I’ve replied for the record even though you say this is your last post on this particular thread, or to me. I’m good with that as I don’t think you care about what anything anyone says outside the browser vendor world anyway.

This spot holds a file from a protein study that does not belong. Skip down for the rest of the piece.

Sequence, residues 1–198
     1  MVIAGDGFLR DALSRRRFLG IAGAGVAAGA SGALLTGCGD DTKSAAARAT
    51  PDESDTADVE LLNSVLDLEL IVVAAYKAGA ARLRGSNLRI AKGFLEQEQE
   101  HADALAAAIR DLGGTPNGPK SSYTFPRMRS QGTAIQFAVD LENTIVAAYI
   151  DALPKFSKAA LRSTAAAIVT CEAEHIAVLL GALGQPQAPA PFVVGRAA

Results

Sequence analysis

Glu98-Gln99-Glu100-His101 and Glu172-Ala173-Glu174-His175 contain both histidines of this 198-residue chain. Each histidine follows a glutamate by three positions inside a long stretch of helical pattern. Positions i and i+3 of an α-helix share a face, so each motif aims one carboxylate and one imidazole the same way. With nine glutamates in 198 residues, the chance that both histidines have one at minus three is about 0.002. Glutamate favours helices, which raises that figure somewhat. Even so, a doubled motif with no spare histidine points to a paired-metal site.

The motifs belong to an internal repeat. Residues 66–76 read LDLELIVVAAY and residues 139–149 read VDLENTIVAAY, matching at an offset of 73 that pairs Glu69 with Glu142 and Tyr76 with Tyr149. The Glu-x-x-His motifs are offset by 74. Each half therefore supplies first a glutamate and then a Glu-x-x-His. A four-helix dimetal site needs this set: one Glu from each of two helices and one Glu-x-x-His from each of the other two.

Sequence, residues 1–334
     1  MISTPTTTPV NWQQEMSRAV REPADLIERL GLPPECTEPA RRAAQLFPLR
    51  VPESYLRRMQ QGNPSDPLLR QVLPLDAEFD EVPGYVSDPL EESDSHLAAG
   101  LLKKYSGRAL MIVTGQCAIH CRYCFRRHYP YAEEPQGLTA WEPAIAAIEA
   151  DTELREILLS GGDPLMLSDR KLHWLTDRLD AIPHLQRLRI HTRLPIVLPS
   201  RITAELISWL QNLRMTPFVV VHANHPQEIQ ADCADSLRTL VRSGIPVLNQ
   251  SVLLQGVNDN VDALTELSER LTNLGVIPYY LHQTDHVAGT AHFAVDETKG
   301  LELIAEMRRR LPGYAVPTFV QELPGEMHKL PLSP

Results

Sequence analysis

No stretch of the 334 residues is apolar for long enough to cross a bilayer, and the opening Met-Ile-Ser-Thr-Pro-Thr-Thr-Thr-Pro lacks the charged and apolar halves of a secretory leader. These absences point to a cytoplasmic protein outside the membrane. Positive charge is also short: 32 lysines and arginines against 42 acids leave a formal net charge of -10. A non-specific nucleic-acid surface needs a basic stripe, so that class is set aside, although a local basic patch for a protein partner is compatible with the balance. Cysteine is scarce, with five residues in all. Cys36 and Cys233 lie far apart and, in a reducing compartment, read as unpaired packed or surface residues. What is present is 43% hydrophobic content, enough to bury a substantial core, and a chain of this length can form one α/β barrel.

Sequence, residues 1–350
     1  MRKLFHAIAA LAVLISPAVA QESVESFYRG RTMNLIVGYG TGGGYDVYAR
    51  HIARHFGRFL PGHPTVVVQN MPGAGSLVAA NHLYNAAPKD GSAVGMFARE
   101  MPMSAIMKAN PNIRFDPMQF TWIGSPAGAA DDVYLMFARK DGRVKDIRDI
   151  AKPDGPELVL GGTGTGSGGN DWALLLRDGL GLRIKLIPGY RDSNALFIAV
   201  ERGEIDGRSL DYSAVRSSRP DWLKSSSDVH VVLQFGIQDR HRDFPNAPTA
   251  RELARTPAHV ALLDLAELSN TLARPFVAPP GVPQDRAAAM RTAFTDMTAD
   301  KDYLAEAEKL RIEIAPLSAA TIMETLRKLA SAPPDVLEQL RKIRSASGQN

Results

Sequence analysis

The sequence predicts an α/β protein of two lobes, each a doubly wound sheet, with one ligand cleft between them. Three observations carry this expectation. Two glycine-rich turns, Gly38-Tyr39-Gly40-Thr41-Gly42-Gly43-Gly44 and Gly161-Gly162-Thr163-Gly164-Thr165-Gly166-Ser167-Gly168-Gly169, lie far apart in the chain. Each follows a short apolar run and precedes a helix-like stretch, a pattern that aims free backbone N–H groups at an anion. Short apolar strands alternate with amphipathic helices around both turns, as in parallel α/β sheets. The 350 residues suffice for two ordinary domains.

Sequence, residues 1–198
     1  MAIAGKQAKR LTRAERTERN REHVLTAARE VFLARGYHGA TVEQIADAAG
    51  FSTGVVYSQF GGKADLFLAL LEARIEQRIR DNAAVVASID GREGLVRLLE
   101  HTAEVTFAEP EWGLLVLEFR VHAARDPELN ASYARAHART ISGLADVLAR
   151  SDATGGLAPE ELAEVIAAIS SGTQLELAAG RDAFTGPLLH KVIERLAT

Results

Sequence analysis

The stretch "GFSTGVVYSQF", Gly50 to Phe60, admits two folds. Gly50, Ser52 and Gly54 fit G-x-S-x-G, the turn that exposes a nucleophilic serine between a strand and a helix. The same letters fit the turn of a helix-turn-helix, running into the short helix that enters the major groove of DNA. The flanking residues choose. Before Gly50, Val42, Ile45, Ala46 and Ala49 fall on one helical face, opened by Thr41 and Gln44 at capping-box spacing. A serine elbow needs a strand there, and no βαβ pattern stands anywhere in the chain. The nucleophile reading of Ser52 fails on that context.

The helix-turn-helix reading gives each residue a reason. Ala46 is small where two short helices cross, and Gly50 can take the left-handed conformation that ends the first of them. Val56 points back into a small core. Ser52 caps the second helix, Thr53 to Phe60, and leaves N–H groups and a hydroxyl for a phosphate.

> On Oct 9, 2019, at 5:09 PM, Ryan Sleevi <r...@sleevi.com> wrote: > > > > On Wed, Oct 9, 2019 at 7:17 PM Paul Walsh <p...@metacert.com > <mailto:p...@metacert.com>> wrote: > We can all agree that almost no user knows the difference between a site with > a DV cert and a site with an EV cert. I personally came to that conclusion > years ago. I wanted data, so I asked more than 3,000 people. Almost everyone > assumed the padlock represents identity/safety. > > If you read the research linked, you'll find it specifically addresses this, > and points to the fact that positive security indicators lead to inaccurate > conclusions like this, whether EV or DV, and thus important to remove them to > assure folks do not make attribution errors. [PW] Our data with 85,000 active users proves otherwise. And you’ve done nothing to counter anything I actually said. I can’t find any product screen shots that users used when researching ***new*** visual indicators for website identity. Research on EV/DV is completely meaningless as we’ve already established that browser implementation was poor at best. > > Since the you later glibly joke about taking your e-mails as a post and > publishing as a PDF and calling it peer reviewed, I think it's reasonable to > conclude you didn't actually read the links, nor look at the publication > venues, or that you don't recognize and/or respect them as leading scientific > and academic conferences at the forefront of the space and industry you > participate in. Generally, I question everything that Google has to say about anything in relation to privacy and security - so there is a lack of respect in regards to motives. But that doesn’t mean I don’t read them. And it doesn’t mean I don’t have friends who work for Google. My comment about me PDF’ing something was me making fun of myself - it had nothing to do with my opinions about other people’s work. I’m not an academic. I never even went to university, so my writing skills aren’t as good as anyone who actually writes papers like the ones you referenced. What I write is based on real world use cases - not theory-based research. They are very different and both are important. > > I can cite research for search annotation through a browser add-on (2007). It > was formally endorsed by the W3C Semantic Web Education and Outreach Program > as one of the most compelling implementations of the Semantic Web. But it’s > out of date and doesn’t answer the right questions. But here it is > https://www.w3.org/2001/sw/sweo/public/UseCases/Segala/ > <https://www.w3.org/2001/sw/sweo/public/UseCases/Segala/> > > Thanks. This helps confirm that it was not peer reviewed research, but a > marketing case study, completed in 2007. [PW] This one in particular was reviewed in great detail by all of the W3C Semantic Web Education & Outreach participants. They reviewed and voted that it was “one of the most compelling implementations of the Semantic Web”. Segala and its work was then used as a use case for the W3C POWDER initiative, which formally replaced PICS in 2009. But it’s all very old and out of date - that was the point I was actually trying to make. https://www.w3.org/blog/SWEO/ <https://www.w3.org/blog/SWEO/> > >> Do you have any peer-reviewed data to support your beliefs? It seemed like >> the only data shared was from vendors marketing solutions in this space, >> although perhaps it was overlooked. > > [PW] Perhaps you did overlook it - hard to say as you didn’t reply to the > thread that contained the data. > > Apologies, the volume of the mail you write, versus the new data provided, > makes it difficult. Since I must have missed it, it might be useful to > provide specific links to your message, or better yet, specific links to the > data that has undergone the similar level of scientific rigor and > well-respected peer-review. [PW] You’re right about my messages - but it’s because people are asking me the same questions that have already been answered - but rather than say that, I prefer to reply. If you want “peer-review” evidence please stop referencing Google and reference companies that aren’t biased and who actually have other stakeholders and users best interests in mind. Unless there were non-Google employees involved, in which case I would apologize. > > [PW] Why haven’t you provided any insight to suggest why I’m wrong, instead > of asserting that I haven’t provided evidence to back up my assertions? > > https://twitter.com/krelnik/status/472046082135162881 > <https://twitter.com/krelnik/status/472046082135162881> > > If you review the links provided, you will see that the claims made in your > prior e-mail are directly, and easily, contradicted, as being both factually > false and ahistorical. The assertion that WebView-based logins were disabled > (in 2016) were because of failures in the SafeBrowsing API (not implemented > until March 2017) is so easily disproved as factually false and ahistorical > that it beggars belief that I have to refute it. Perhaps you could reference what I say, with evidence on why it’s wrong - instead of making general assertions. > > But because you asked so nicely: > > The following was published by Jonathan Skelker, Product Manager, Account > Security Google April 2019 > > “[snip]… one form of phishing, known as “man in the middle > <https://breakdev.org/evilginx-2-next-generation-of-phishing-2fa-tokens/>” > (MITM), is hard to detect when an embedded browser framework (e.g., Chromium > Embedded Framework <https://bitbucket.org/chromiumembedded/cef> - CEF) or > another automation platform is being used for authentication. MITM intercepts > the communications between a user and Google in real-time to gather the > user’s credentials (including the second factor in some cases) and sign in. > Because we can’t differentiate between a legitimate sign in and a MITM attack > on these platforms, we will be blocking sign-ins from embedded browser > frameworks starting in June. This is similar to the restriction on webview > <https://developers.googleblog.com/2016/08/modernizing-oauth-interactions-in-native-apps.html> > sign-ins announced in April 2016. > > https://security.googleblog.com/2019/04/better-protection-against-man-in-middle.html > > <https://security.googleblog.com/2019/04/better-protection-against-man-in-middle.html> > > I must extrapolate that if Google is unable to detect these attacks inside > apps that use the Chromium embedded framework, it means it is unable to > detect the same attacks inside desktop and mobile versions of Chrome. I don’t > think any company can - I’m not pointing the finger at Google - I’m pointing > it at the problem and lack of solutions to the problem globally. > > Separately, I wrote about the potential threats of WebView / frameworks that > display web content inside apps in April 2015, so I’m very much aware of > everything you say > https://developer.metacert.com/blog/how-webview-has-weakened-the-tcb-of-the-web-infrastructure/ > > <https://developer.metacert.com/blog/how-webview-has-weakened-the-tcb-of-the-web-infrastructure/> > In fact, it took people like me to bring these problems to the attention of > their makers. While I didn’t turn this into a paper, it was referenced by > senior security researchers at some big firms. Perhaps I should PDF it and > you can call it a peer-reviewed paper :) > > Again, I have to refer to the tweet. > > The suggestion that you must extrapolate that a third-party fork is > equivalent to a browser is another example of a conclusions being jumped to > over the the uncrossable chasm of inconvenient things like "truth" and > "reality", as is the conflation of MITM and phishing. There's a remarkably > profound irony in that, when coupled with the earlier remarks excoriating > that everyone should be able to have secure connections to their desired > origin, free of network-based MITM. [PW] I have no idea what you’re saying here. Need another coffee perhaps. > > While this will be my last post to this thread, because I can see there's > unlikely to be any productive to discuss further with you, I do want to > highlight how, again, and subtlely, you've both shifted your claim to appear > reasonable, even though you're claiming something now entirely different from > a few messages ago, while asserting it's the same claim. [PW] More general assertions with no substance. That’s generally your thing when it comes to debating. We should just believe you because… > > Anyone who reads through these messages can see the shift: That the claim was > that SafeBrowsing doesn't work because WebView disabled logins due to > phishing, then ignoring that WebView did not implement SafeBrowsing checks at > the time and there were instead application-level security concerns, and > asserting that because a third-party fork had sign-ins disabled due to > potential MITM, one can conclude the same about both upstream and about > phishing detection, despite the same post highlighting.... application-level > security concerns. Comparing apples-to-orangutangs, while asserting all are > completely hoopty froods, is... well, it's not a reasonable discussion, by > any means, and unlikely to be productive. [PW] What are you talking about? Since April 2018 WebView has been using Safe Browser https://android-developers.googleblog.com/2018/04/protecting-webview-with-safe-browsing.html?debug=true <https://android-developers.googleblog.com/2018/04/protecting-webview-with-safe-browsing.html?debug=true> In 2019 Google says it’s unable to detect phishing attacks inside WebView. How am I shifting? > > It's unfortunate that you shift to ad hominem attacks later on, and so that's > not worth bearing down on nor continuing. That's a classic sign of abuse, > which combined with the present sealioning that has happened on this and the > other thread, is a perfect reason to walk away. > > Your last comment isn’t correct. So I’ll fix it, "The adoption of WebAuthN by > those three sites *and all of their end-users/customers* would, thus, > correspondingly have a marked decrease in phishing." > > I’d love nothing more than for every website to support WebAuthN and for > every consumer to adopt it. I have absolutely nothing negative to say about > it. I’m commenting on my personal opinion on how likely it is to see mass > adoption in the very near future. > > Thanks for confirming that we have viable technical solutions, that user > education is, at best, a short-term solution, and one with a demonstrated > lack of success in achieving the goals desired or being respectful of > individuals. [PW] I haven’t been able to find a single data point provided by you anywhere on the internet (including publicly accessible emails and forum posts) to substantiate anything you say about website identity and visual indicators. Nothing. It’s like you’ve done zero research yourself. And you only seem to reference Google researchers. Anyway, ho hum. - Paul _______________________________________________ dev-security-policy mailing list firstname.lastname@example.org https://lists.mozilla.org/listinfo/dev-security-policy